# Discrete Maths Chapter 4 Finding the Shortest Path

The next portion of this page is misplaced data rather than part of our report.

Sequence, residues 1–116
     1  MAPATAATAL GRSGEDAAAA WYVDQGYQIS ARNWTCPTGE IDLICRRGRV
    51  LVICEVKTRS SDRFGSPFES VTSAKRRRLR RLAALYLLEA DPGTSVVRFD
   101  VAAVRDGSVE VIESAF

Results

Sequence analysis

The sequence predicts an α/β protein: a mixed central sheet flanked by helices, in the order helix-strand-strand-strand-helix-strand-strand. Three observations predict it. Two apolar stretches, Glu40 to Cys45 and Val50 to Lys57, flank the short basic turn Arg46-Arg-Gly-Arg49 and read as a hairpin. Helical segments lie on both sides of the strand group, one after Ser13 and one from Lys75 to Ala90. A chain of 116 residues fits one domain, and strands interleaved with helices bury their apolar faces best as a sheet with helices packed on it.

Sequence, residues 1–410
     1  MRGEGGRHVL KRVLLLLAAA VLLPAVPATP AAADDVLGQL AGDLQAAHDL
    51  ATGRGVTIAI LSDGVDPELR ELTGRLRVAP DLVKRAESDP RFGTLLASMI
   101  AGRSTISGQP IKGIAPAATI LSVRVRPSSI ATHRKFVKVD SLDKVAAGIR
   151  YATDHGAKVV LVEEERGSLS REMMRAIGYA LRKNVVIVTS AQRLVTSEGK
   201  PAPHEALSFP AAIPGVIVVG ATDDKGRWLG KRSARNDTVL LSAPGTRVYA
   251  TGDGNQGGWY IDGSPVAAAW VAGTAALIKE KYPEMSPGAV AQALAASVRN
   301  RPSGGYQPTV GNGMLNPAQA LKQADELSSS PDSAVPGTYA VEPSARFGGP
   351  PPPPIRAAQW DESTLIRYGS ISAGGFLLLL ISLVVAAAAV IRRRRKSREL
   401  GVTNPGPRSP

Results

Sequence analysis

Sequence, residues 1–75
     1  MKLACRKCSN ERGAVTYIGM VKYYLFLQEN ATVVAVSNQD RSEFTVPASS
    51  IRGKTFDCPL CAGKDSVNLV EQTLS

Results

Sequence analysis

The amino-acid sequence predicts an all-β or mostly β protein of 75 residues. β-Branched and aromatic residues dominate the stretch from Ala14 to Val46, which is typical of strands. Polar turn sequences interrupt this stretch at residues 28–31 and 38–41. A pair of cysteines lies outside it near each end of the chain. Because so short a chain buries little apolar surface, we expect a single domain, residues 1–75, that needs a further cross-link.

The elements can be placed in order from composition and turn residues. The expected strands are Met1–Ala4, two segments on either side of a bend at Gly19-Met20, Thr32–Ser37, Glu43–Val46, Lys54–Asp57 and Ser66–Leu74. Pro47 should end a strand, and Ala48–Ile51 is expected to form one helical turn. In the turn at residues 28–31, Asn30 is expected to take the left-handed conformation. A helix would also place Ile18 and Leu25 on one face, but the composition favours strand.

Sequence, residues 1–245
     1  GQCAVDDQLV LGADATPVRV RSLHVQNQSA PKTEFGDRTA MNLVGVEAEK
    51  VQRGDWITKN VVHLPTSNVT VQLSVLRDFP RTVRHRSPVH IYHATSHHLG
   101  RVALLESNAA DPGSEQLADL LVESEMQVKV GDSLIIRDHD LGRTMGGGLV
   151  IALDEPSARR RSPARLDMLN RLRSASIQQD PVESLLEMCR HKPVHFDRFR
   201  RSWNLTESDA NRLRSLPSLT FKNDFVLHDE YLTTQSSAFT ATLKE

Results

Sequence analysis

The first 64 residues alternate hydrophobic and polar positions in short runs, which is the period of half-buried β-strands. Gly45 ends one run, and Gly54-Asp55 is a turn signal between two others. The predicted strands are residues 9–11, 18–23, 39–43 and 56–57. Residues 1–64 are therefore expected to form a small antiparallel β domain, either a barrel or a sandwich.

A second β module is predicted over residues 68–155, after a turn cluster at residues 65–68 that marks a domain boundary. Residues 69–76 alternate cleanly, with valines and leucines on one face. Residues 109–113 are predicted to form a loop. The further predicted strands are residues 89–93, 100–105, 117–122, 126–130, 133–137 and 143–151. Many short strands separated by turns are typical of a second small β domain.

• Slides: 10 Discrete Maths Chapter 4: Finding the Shortest Path Lesson 1: Dijkstra’s Algorithm EXAMPLE 1: Find the shortest path from A to G Dijkstra’s Algorithm • Dijkstra’s algorithm is used in problems relating to finding the shortest path. • Each node is given a temporary label denoting the length of the shortest path from the start node so far. • This label is replaced if another shorter route is found. • Once it is certain that no other shorter paths can be found, the temporary label becomes a permanent label. • Eventually all the nodes have permanent labels. • At this point the shortest path is found by retracing the path backwards. Dijkstra’s Algorithm Aim: To find the shortest path connecting two nodes • Step 1: Label the start node with zero and box this label. • Step 2: Consider the node with the most recently boxed label. Suppose this node to be X and let D be its permanent label. Then, in turn, consider each node directly joined to X but not yet permanently boxed. For each such node, Y say, temporarily label it with the lesser of D + (the weight of arc XY) and its existing label (if any). • Step 3: Choose the least of all temporary labels on the network. Make this label permanent by boxing it. • Step 4: Repeat Steps 2 and 3 until the destination node has a permanent label. • Step 5: Go backwards through the network, retracing the path of shortest length from the destination node to the start node. EXAMPLE 1: Find the shortest path from A to G 2 3 1 0 3 3 5 5 4 6 8/ 7 / 6 5 9 12 / 9 7 17 / 17 19 / 18 6 14 15 / 14 EXAMPLE 2: Find the shortest path from A to G 3 6 6 6 16 5 11 / 11 15 / 14 1 16 0 2 3 3 4 8 8 7 18 28 / 20 / 18 EXAMPLE 3: Find the shortest path from A to D 2 8 4 15 15 8 6 1 24 25 / 24 0 3 15 15 5 20 20 EXAMPLE 1: Find the shortest path from A to G EXAMPLE 2: Find the shortest path from A to G EXAMPLE 3: Find the shortest path from A to D